There are few arenas where the personal and the political are so utterly, obviously enmeshed in the 21st century as that of privacy of communications. Edward Snowden may be a useful figurehead, or martyr, to the cause, but as in James Graham’s superbly argued new play, he’s really only a fraction of the story. The most frightening and compelling player in this new battlefield is the softly glowing, ergonomically smoothed sheet of glass and silicon chips that we carry around with us. That’s the true theme and the most abiding image of this extremely un-Donmar Donmar show – what William Burroughs would call ‘the mark inside’, in this case, inside our pockets.
Joshua McGuire plays a fictionalised version of Graham himself, and in the loosest sense Privacy is a meta-narrative of its own construction, following the author’s progress as he interviews the impressive roster of journalists, technologists and politicians which make up the cheekily swerved verbatim portions of the text. Graham is drawn into a web of revelations regarding the recent history of data protection and his own vulnerability to the cold reading of snooping algorithms, and he draws us in with him.
Under Josie Rourke’s breezy, discursive direction, Privacy moulds into the rhythms and tinkly tablet-ness of a TED talk, or a Royal Institution Christmas lecture, before flipping back into genuinely chilling databursts and scraps of narrative. It’s a technical marvel of life-streamed data manipulation, fluttering infographics and snatches of interviews played out against Lucy Osborne’s intimidating backdrop of plaster-cast fingerprints. Everything moves with a fluidity which slips from reassuringly lush to threateningly easy as the depth of our complicity with our own surveillance is revealed. To give away too much would be to dash much of the show’s jolting power, but by allowing the audience to leave their mobile phones on, and through some exceedingly smart interactivity, the abstruse science Graham skilfully unearths is brought right to our doorstep (literally, in some cases).
It’s true that your existing depth of knowledge (or paranoia) regarding the creepy-ass consequences of our networked society will make a considerable difference to the show’s impact. If you keep yourself even moderately technologically informed, you’re unlikely to face too many surprises, but even when Privacy isn’t raising the hairs on the back of your neck, it’s richly entertaining. The excellent cast flip through Graham’s huge role-call of interviewees with infectious good humour, tipping knowing winks left, right and centre. It’s this spirit of playfulness that prevents the running time from weighing proceedings down, and makes Privacy feel a uniquely free-spirited production despite the weight of its subject matter.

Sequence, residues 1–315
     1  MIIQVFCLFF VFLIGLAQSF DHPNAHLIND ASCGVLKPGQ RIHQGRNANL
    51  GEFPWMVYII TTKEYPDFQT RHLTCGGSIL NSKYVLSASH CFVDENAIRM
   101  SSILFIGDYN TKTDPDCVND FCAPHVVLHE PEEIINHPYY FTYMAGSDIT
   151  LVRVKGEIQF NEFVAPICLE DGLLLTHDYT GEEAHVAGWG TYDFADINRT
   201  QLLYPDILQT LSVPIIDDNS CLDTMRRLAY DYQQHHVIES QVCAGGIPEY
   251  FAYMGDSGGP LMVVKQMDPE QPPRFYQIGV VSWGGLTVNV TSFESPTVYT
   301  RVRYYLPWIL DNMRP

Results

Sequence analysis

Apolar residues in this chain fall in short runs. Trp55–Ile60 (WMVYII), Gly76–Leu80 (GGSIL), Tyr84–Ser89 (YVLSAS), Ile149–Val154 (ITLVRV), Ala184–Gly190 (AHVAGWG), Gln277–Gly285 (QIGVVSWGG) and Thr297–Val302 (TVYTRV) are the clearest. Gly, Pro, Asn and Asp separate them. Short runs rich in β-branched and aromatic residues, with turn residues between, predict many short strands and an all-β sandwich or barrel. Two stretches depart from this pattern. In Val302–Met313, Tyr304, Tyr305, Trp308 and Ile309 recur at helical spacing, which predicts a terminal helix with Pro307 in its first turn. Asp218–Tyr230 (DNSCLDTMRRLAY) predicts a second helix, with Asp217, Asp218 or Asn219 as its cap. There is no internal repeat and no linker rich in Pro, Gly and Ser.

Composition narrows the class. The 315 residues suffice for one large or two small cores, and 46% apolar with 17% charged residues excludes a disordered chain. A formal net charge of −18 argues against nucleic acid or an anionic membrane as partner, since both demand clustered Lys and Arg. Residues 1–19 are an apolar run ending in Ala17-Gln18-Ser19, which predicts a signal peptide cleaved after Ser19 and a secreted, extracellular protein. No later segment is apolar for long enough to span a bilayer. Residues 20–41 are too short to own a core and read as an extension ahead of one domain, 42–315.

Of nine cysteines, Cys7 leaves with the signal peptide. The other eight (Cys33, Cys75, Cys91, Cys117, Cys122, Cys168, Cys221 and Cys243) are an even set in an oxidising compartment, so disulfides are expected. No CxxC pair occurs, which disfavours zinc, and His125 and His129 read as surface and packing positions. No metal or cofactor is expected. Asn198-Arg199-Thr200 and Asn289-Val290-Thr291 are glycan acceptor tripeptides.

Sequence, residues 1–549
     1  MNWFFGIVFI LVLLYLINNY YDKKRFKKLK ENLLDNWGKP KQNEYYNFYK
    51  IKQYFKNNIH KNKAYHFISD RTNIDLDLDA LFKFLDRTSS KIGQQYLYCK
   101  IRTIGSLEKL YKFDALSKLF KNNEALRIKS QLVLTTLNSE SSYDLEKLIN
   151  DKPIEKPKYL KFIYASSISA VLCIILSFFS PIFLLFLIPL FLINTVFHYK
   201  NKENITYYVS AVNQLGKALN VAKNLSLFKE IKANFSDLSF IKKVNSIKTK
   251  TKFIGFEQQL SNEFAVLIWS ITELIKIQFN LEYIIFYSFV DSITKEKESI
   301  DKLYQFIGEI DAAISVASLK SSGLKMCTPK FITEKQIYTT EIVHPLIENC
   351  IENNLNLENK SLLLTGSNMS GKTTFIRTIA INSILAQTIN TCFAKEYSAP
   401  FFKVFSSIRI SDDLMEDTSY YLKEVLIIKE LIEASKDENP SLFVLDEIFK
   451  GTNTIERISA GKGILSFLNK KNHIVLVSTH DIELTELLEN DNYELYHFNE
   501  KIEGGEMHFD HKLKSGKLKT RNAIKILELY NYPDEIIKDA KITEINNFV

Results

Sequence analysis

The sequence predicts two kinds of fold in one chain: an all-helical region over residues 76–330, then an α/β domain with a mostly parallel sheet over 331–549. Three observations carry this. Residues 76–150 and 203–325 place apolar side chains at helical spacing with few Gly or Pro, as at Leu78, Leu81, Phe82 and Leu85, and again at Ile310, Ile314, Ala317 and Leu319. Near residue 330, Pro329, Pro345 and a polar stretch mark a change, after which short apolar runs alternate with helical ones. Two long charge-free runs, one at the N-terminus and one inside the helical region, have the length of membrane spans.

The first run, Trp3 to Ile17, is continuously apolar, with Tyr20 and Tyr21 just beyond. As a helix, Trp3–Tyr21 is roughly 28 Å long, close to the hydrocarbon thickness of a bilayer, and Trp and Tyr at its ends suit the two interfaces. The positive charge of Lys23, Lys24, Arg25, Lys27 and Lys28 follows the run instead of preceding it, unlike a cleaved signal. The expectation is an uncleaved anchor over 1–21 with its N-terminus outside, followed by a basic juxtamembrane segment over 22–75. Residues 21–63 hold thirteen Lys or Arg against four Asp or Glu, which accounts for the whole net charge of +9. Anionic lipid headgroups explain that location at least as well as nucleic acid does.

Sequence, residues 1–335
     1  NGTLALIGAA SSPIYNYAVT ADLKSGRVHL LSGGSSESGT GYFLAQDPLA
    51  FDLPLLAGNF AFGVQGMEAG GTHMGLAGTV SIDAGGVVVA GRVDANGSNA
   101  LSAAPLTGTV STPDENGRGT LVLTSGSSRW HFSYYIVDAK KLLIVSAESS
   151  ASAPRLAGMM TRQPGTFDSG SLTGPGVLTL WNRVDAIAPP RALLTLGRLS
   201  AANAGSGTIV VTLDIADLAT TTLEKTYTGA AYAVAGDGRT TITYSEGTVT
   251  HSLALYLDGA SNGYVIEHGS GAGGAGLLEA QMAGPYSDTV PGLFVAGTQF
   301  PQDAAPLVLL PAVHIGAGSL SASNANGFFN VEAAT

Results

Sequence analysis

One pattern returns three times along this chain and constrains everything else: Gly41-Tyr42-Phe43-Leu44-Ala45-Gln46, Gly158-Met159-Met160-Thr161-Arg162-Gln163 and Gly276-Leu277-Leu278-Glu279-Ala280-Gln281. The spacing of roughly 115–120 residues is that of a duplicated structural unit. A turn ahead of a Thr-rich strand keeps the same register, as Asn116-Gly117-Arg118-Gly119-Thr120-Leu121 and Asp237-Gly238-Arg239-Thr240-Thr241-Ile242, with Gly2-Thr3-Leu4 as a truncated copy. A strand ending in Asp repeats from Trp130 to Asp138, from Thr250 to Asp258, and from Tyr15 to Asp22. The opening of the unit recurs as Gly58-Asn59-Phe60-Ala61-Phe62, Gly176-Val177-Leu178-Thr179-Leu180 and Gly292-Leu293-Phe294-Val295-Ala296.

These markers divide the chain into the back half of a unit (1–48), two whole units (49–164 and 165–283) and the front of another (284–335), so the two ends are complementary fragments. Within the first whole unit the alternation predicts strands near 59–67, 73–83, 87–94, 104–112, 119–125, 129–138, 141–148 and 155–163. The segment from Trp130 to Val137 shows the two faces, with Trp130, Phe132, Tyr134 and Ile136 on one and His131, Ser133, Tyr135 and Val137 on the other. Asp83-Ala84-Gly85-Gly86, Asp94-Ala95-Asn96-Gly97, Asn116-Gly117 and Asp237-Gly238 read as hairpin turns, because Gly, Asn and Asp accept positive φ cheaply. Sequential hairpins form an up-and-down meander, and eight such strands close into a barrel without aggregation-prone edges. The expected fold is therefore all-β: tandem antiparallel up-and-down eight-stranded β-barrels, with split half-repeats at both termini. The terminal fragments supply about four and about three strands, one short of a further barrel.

There is a sense that, once the force of its theatrics has worn off, Privacy is a little less than thorough in its interrogation of the concepts it raises. Neither Graham nor his interviewees offer anything particularly weighty or conclusive regarding the relationship between privacy and safety, the relationship of private and publically owned interest groups, between corporations and governments, and it’s certainly far from a thorough investigation of Snowden or his motives.
What it is instead is a tech-savvy wallop of pure theatrical spectacle that freely absorbs cues from Ontroerend Goed, vodcasts, Derren Brown, sexy freakonomics and forum theatre, and creates a form entirely appropriate to and engaged with its theme. It sees Rourke dusting off her experimental chops, which can only be a good thing, and Graham building on his growing reputation of master of non-shit political theatre.
Above all, it’s a reminder that the Donmar is still capable of knocking the wind out of you, that it is in fact a space designed to do that. The Donmar should be scaring the fuck out of its cosy audience base, not pandering to them (they will come anyway, and they will book ALL the tickets before you get your shit together), and Privacy is a triumphant step in the right direction.